From these beginnings I continued to be active with the local, and eventually ran for a place on our local’s Executive Board, where the education just kept on going. When Ray ran for and was elected as International President of the AFM, our local executive board members were ecstatic to see him taking on this job, but we knew we had large and difficult shoes to fill as he moved on from his position here.
Funny thing is, after all these years Ray never did really leave us. He has maintained his home in Denton and has continued to be involved in managing the Denton Arts and Jazz Festival through the years. During the Pandemic he spent more time than ever in Denton as he was forced to work from home, and he took a special interest in finding a way to use MPTF funding to create safe gigs in the Pandemic. And in doing so we built a little oasis. We ended up doing weekly MPTF streamed performances in Denton, Fort Worth and Dallas, and Ray became personally involved in setting up the Denton shows.
I came to look forward to my weekly drives to Denton as we produced two shows a week at Steve’s Wine Bar. Gig after gig, I would hear our members tell me that this was the first time they had played together in months. In a period of famine, these were feasts. Our musicians were coming together playing gigs they wanted to play, and playing the music they loved. And being a part of this, Ray was in heaven.
Even after 30 years of knowing him, it was during this project that I came to understand new things about Ray, watching him soak up the music making of his musicians in his beloved Denton. He could not have been more at home putting together work for his people at this time. One night I was sitting at one of the tables in Steve’s Wine Bar with my laptop in front of me as we were producing a live streamed performance together. Working on grant applications, and covered in payroll sheets, I looked up at Ray across the table – probably telling a story – and I realized how much fun I was having.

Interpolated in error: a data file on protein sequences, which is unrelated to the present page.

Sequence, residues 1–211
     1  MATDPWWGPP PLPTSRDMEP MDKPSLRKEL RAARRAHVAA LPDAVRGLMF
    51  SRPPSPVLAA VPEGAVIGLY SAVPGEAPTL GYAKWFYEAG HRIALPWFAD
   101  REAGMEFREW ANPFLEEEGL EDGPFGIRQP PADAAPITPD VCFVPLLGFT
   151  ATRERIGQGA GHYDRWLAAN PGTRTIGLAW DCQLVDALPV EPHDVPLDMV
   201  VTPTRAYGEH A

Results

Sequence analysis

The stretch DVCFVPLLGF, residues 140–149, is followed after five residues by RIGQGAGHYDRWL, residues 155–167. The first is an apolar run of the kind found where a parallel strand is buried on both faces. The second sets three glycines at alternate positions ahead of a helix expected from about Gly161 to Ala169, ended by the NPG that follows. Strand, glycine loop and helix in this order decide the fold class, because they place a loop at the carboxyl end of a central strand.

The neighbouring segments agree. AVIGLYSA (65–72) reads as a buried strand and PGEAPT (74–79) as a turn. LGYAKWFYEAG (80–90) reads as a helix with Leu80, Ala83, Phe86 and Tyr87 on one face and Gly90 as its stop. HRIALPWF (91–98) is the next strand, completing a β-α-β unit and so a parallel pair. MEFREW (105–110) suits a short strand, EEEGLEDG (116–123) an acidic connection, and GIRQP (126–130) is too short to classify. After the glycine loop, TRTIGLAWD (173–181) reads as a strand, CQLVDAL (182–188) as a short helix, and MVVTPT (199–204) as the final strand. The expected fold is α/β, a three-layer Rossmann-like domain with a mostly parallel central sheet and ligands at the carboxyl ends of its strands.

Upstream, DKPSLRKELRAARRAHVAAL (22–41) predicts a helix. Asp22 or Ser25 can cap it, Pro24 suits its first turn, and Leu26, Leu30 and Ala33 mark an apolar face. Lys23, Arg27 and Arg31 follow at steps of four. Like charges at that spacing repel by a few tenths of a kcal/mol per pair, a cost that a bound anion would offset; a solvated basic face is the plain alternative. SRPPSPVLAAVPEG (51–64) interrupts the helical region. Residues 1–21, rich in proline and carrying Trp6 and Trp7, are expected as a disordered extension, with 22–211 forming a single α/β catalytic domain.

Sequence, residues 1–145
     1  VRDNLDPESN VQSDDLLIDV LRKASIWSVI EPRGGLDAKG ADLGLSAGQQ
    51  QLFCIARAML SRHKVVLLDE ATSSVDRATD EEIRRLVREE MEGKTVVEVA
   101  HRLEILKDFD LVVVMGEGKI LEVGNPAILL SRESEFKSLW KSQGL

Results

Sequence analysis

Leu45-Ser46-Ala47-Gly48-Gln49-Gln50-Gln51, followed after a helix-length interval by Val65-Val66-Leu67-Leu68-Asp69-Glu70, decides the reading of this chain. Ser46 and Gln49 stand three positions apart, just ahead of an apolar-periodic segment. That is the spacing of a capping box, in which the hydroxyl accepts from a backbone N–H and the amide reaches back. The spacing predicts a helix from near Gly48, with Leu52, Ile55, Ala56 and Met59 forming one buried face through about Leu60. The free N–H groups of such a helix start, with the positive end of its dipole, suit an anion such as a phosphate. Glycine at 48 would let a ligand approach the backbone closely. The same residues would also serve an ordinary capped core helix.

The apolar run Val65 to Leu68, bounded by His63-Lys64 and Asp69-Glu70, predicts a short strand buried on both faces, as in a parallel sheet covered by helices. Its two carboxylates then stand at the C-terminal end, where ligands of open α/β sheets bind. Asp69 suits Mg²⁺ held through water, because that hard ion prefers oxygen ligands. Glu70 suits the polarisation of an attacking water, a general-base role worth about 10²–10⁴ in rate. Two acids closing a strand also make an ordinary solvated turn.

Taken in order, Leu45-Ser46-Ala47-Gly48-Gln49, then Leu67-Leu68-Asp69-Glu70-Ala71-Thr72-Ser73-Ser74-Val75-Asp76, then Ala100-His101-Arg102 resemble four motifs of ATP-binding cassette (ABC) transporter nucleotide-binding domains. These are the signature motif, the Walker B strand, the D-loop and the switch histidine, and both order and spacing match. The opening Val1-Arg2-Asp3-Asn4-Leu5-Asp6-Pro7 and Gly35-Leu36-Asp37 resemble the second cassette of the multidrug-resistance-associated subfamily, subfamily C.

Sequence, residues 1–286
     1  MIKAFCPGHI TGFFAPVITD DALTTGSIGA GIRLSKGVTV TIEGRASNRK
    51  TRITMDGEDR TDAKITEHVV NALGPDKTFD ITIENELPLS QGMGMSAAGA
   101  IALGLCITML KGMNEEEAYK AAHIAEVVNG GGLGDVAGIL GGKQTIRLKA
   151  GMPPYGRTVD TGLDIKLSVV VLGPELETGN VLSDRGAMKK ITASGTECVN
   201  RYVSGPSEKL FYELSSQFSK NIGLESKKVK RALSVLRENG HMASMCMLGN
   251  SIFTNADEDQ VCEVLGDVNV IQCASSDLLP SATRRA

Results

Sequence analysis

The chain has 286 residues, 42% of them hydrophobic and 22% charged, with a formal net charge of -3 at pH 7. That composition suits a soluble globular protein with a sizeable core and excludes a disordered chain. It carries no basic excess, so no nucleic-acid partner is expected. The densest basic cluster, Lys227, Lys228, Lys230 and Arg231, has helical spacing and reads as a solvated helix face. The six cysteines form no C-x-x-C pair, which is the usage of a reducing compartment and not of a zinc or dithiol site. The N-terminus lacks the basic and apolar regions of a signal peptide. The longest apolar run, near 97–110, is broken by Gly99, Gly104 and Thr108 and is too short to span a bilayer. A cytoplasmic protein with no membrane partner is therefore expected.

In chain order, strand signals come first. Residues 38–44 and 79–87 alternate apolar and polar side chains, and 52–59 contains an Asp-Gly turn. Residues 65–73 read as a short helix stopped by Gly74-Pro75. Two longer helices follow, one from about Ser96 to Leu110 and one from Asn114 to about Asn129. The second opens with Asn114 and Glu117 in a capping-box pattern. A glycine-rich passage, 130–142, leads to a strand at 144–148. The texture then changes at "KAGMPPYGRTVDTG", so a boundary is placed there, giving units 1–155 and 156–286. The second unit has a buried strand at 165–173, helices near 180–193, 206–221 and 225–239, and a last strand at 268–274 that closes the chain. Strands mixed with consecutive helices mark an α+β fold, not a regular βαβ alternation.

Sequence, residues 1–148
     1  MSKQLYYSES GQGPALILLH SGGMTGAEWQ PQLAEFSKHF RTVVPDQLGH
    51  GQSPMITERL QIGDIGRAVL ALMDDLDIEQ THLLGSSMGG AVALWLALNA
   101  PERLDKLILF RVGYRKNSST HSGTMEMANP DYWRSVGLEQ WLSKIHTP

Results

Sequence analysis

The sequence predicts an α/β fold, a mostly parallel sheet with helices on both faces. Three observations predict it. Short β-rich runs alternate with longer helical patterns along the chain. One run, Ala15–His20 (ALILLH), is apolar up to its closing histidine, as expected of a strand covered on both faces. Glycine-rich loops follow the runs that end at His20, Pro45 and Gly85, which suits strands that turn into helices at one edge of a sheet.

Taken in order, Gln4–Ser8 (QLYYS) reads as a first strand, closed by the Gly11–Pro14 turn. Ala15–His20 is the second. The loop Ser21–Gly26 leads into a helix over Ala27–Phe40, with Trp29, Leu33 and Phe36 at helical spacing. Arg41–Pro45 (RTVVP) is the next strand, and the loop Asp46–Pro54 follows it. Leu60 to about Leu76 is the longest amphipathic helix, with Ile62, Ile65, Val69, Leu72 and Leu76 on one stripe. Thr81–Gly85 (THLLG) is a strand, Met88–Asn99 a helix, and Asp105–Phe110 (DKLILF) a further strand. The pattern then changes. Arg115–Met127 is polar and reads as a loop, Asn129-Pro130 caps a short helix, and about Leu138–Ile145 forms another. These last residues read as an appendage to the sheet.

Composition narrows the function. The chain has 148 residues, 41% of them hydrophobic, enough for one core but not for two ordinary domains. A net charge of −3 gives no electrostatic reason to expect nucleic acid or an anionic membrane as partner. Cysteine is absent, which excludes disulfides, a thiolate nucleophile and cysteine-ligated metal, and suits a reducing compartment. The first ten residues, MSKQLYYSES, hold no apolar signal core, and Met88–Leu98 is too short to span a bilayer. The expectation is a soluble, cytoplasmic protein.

“It’s really fun to be working with you again like this,” I said to him. “It feels like the old days, when we were working together in the trenches.” He stopped and looked back at me. And after a pause – and with some emotion – he said, “I really appreciate you saying that, I really do.”
Well, it is now time for me to express my appreciation to you, Ray. I can honestly say I would not be here without all the work you have done over the past 40+ years. Your work ethic, dedication, fearlessness, intelligence – and spit and vinegar – have built and defended our Union, setting a standard that we dare not forget.
On Sunday, September 3 – Labor Day Weekend – Local 72-147 will be having a picnic to celebrate labor at Klyde Warren Park in Downtown Dallas. There will also be free community performances of Union Bands – sponsored by MPTF – at the park celebrating the holiday. Ray will be our guest of honor at the picnic as we celebrate his 41 years of labor leadership and advocacy for musicians.
Please come out and celebrate Labor Day Weekend with us. For more information and to RSVP, click HERE.